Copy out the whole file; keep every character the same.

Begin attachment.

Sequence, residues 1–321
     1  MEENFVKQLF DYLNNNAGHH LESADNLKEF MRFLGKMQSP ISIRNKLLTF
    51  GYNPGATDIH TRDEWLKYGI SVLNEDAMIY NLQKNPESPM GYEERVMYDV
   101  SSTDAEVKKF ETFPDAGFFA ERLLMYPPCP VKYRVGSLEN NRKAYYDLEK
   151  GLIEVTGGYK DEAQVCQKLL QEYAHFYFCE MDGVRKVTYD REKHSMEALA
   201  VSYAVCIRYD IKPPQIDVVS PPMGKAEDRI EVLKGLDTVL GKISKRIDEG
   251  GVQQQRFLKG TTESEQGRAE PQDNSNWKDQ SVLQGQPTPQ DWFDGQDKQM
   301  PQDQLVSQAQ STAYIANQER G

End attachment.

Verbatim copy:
Sequence, residues 1–321
     1  MEENFVKQLF DYLNNNAGHH LESADNLKEF MRFLGKMQSP ISIRNKLLTF
    51  GYNPGATDIH TRDEWLKYGI SVLNEDAMIY NLQKNPESPM GYEERVMYDV
   101  SSTDAEVKKF ETFPDAGFFA ERLLMYPPCP VKYRVGSLEN NRKAYYDLEK
   151  GLIEVTGGYK DEAQVCQKLL QEYAHFYFCE MDGVRKVTYD REKHSMEALA
   201  VSYAVCIRYD IKPPQIDVVS PPMGKAEDRI EVLKGLDTVL GKISKRIDEG
   251  GVQQQRFLKG TTESEQGRAE PQDNSNWKDQ SVLQGQPTPQ DWFDGQDKQM
   301  PQDQLVSQAQ STAYIANQER G